Dozens of students have left the school. Parents have accused the executive director of assaulting two students. And although the year-end test scores have yet to be released, school leaders say they won’t be pretty.
That’s just a taste of what leaders at Boys Prep Nashville are dealing with in what has become a crash course in everything that can go wrong with a first-year charter school.
The idea was simple: to become a public school version of the private Montgomery Bell Academy, advancing student achievement and teaching Nashville boys to become capable men.
But at every turn, the school has faced nothing but uphill battles.
Rivalries within the leadership at the school shifted attention from the kids in the building to the adults in the boardroom. Meanwhile, handling the school’s 100 seventh-grade boys — a third of whom have some form of learning disability — proved tougher than the founders fathomed.
The experiment of running an all-boys school has so far come at a cost of nearly $1 million of taxpayers’ money, but leadership and parents at the school say the investment is worth it, and the school is finally at a place where it can move forward.
As the Metropolitan Board of Public Education prepares to approve another batch of charter school applications this summer, what lessons — if any — will they learn from Boys Prep?
Statistically speaking, this story is unlikely to have a happy ending.
The city school district knows it. Boys Prep Nashville’s board president knows it. And deep down, so do some of the parents.
But the all-boys charter school housed in an office park off Murfreesboro Pike is trying to reclaim its destiny after a first year so tumultuous that statistics say failure is very likely over the next five years.
Boys Prep is fragile. While charter schools are ideas built from scratch, they depend heavily on building a solid school infrastructure, including strong leadership and a sturdy board within the school. Challenges, both seen and unseen, come quickly during a first year and a school needs to have the strength to withstand them.
The plan to open the all-male school in Nashville came from Martin Kennedy, who taught at Middle Tennessee State University. Having grown up in a house full of brothers and as a graduate of an all-boys school himself, he downloaded a charter school application in 2009 wanting to create his own public version of the private Montgomery Bell Academy for boys.
“From my own experience, both as a student and as a teacher, I could see learning approaches vary by gender,” he said. “In every reasonably sized city in the private sector, there were boys and girls schools, and I thought that this should be an option for those who can’t afford those.”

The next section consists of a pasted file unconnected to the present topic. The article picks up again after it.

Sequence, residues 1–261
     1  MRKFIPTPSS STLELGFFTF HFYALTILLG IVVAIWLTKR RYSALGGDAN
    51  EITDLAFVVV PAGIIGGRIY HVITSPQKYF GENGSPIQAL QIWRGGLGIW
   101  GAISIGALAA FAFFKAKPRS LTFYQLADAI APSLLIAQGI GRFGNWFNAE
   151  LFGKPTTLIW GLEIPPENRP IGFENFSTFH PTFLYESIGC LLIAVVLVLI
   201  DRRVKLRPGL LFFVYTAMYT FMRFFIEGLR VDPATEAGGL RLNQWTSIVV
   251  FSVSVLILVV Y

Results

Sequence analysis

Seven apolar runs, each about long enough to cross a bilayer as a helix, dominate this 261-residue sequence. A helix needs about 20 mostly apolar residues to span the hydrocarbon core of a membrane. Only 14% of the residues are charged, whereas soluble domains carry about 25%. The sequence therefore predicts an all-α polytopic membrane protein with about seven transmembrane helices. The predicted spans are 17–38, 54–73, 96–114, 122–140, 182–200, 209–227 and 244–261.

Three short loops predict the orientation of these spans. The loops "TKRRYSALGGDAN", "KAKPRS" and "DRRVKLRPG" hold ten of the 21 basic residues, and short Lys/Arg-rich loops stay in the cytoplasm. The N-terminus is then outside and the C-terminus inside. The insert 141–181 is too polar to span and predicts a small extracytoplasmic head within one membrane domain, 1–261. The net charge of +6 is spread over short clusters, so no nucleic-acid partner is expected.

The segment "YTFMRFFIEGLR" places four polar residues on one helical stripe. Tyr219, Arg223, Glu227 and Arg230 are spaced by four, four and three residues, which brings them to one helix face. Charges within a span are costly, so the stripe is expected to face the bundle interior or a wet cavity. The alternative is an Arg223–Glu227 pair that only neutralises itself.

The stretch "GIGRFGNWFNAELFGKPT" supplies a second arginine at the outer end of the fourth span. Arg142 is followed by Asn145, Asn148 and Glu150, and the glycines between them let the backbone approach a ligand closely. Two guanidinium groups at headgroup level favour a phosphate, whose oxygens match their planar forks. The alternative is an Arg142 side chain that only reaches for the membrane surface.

But when it came to applying to start a school, “I had no idea what I was doing,” he said.
And MNPS knew it. The district denied the school’s first charter application in 2010, as did the Tennessee State Board of Education on appeal, finding the proposal “does not establish that the sponsor has adequately considered the challenges of executing the vision of the proposed school.”
In 2011, Kennedy and Boys Prep tried again. After another denial, the Boys Prep team revised its plan, and the Nashville school board voted 7-1 to OK the district’s first exclusively single-gender public school. It would begin with seventh grade and gradually work up to 12th.
MNPS board member Anna Shepherd was the lone vote against the charter, and she is not surprised the school has had such a “horrific” start.
“I just don’t think they had their ducks in a row to be successful when they opened,” she said of the school’s leadership. But she stopped short of saying the district made the wrong choice approving the school when it did.
“Hindsight is 20-20, you know that. You can second-guess yourself forever,” said Shepherd. “Unfortunately, we don’t always make the best decisions, and our students pay for it.”
Shortly after MNPS gave Boys Prep the OK to open the district’s 15th charter, the school’s infrastructure began to splinter into factions — one group supported Kennedy as the school’s executive director and founder, and another wanted him out.
The Boys Prep board also began hemorrhaging members. In the charter’s short history, 18 people have left the board, some of whom said they felt forced out or were exhausted from dealing with the school’s internal politics.
While The City Paper reached out to current and former members of the Boys Prep board, many never responded, and almost all who did reply refused to talk about their experience on the record, if at all. That includes Monica Davis, an instructor at MTSU who resigned from the board this month after finishing two-thirds of her three-year term. She, too, refused to comment.
“The turnover that they’ve had is primarily related to their inability to settle on strong leadership and consistent board leadership at the beginning,” said Alan Coverstone, MNPS’ charter school guru and the executive director of the district’s Office of Innovation, which oversees charters.